VANCOUVER — British Columbians want their politicians to work for all generations and not inflame intergenerational tension. Problem is, that’s just what the B.C. Liberal and NDP platforms are doing this election.
Take, for example, the gap that exists between what governments spend on seniors and what they spend on those younger than age 45. Federal and provincial government spending adds up to about $45,000 per retiree each year, mostly on medical care, old age security and other retirement subsidies. By contrast, we spend just $12,000 per person under age 45, including for grade school, post-secondary, medical care, tax breaks for families, employment insurance, etc.
This big spending gap doesn’t make sense any more. Since 1976, housing prices have gone up over 150 per cent in B.C. and higher housing prices mean more wealth for those who bought homes decades ago. But higher prices also make home ownership far harder for their kids and grandchildren. Even renting is harder, with wages for young British Columbians down $4 an hour compared to 1976, even though they have more post-secondary credentials (and more student debt).
So how are the B.C. Liberals and NDP proposing to narrow the gap in spending between retirees and younger generations during the current election campaign? They’re not. In fact, both will grow the gap, raising spending per retiree to around $46,000 while leaving Gens X, Y and their kids at around $12,250.
The Liberals promise to spend $1.5 billion a year more on medical care by 2015, which disproportionately benefits retirees. They also propose to add just $0.066 billion more to investments in younger generations, through post-secondary, grade school and programs in the ministry for children and family development.
The NDP propose to spend $1.6 billion more on medical care each year by 2015, compared to $0.369 billion on younger generations.
Sustaining the medical care system is important as our population ages; we all care about the health of our aging family and friends. But do you know any retirees who want investments in their health to push aside investments in their kids and grandchildren? Why do the Liberals and NDP keep pushing British Columbians to make this trade-off?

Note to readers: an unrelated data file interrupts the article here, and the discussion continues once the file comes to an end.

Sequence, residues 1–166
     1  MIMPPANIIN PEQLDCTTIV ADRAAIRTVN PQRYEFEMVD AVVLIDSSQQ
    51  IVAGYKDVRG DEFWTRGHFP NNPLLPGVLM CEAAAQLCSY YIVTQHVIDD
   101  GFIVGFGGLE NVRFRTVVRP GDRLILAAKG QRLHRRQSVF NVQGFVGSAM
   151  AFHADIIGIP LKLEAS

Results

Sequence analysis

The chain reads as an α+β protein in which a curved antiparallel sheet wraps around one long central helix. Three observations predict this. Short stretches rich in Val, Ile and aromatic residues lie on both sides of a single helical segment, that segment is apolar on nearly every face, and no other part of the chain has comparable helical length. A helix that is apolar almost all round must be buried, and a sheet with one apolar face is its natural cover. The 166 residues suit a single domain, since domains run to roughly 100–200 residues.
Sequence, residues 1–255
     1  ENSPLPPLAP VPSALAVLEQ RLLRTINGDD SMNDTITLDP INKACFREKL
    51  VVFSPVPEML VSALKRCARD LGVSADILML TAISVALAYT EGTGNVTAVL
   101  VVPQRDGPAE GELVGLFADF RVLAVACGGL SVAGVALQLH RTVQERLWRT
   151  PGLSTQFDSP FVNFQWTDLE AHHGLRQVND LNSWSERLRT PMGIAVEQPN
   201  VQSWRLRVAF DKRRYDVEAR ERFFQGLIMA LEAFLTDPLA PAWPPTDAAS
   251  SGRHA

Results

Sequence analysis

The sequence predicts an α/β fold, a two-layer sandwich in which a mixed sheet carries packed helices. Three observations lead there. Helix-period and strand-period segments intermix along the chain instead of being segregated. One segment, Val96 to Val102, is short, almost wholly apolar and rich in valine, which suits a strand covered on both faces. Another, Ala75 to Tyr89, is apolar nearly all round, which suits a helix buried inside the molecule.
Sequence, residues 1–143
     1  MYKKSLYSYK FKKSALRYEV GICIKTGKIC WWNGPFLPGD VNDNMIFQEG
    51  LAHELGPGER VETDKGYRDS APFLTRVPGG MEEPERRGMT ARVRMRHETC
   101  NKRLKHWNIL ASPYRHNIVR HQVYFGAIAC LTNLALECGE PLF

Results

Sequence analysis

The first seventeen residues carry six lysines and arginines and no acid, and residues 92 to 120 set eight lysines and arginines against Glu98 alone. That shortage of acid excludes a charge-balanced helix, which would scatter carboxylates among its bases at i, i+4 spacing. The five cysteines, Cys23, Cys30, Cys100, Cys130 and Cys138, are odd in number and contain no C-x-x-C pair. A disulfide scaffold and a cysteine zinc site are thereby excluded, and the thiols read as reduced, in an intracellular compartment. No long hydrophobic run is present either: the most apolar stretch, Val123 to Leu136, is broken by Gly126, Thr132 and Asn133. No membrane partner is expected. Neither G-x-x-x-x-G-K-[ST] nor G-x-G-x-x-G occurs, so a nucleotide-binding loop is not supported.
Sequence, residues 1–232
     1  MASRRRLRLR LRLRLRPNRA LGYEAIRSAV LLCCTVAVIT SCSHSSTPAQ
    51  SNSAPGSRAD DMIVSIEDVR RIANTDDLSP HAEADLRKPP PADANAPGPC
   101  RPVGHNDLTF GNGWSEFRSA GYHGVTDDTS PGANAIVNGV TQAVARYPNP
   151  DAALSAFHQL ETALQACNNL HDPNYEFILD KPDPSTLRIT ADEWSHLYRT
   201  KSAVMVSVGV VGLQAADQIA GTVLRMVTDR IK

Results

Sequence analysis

To pay for their spending increases, both parties propose tax increases. Both will raise corporate taxes as well as income taxes for individuals earning more than $150,000 a year. In short, both parties are willing to raise taxes to cover expenses for the aging population, but leave only crumbs in the government cupboard for the younger generations struggling with lower wages and far higher housing costs.
The pickings are especially slim for Gens X and Y starting families. A detailed analysis of the platforms reveals that Liberals believe families can be kept affordable by increasing the budget for the ministry of children and family development by around $22 a person under age 45, while the NDP implies that a $62 yearly increase is sufficient.
It is clear that neither party is concerned that young families lose around $15,000 in income to share a year of parental leave at home with a new baby. Or that child care services generally cost between $8,000 and $14,000 annually — more than university tuition.
Do other parties offer a better generational deal?
While the B.C. Conservatives don’t propose investing in the generation raising young kids, some individual candidates do support substantial investments in family policy for Gens X and Y.
The Greens are concerned with intergenerational equity, specifically with respect to saddling younger generations with the costs of climate change. The party also claims we need to address the difficulty that young adults face in "establishing themselves in their careers, gaining independence from their parents, and having to delay starting families and purchasing homes."
Sounds good, but the Green platform doesn’t provide sufficient detail with which to assess whether their approach will narrow the generational spending gap.
But one thing is certain. Whether British Columbians elect the Liberals or the NDP, the new government will be taxing more and spending more on retirees, with little left over for Gens X, Y and their children.
This has to change this. More Gen X and Yers need to show up at the ballot box on May 14 so that all parties know not to neglect them next time around. And more boomers and seniors have to actively voice their opposition to party platforms that pit the health of grandparents against the well-being of their kids and grandchildren.
Paul Kershaw is a UBC professor and founder of the Generation Squeeze campaign. Lynell Anderson, who collaborated on this column, is a senior researcher with gensqueeze.ca.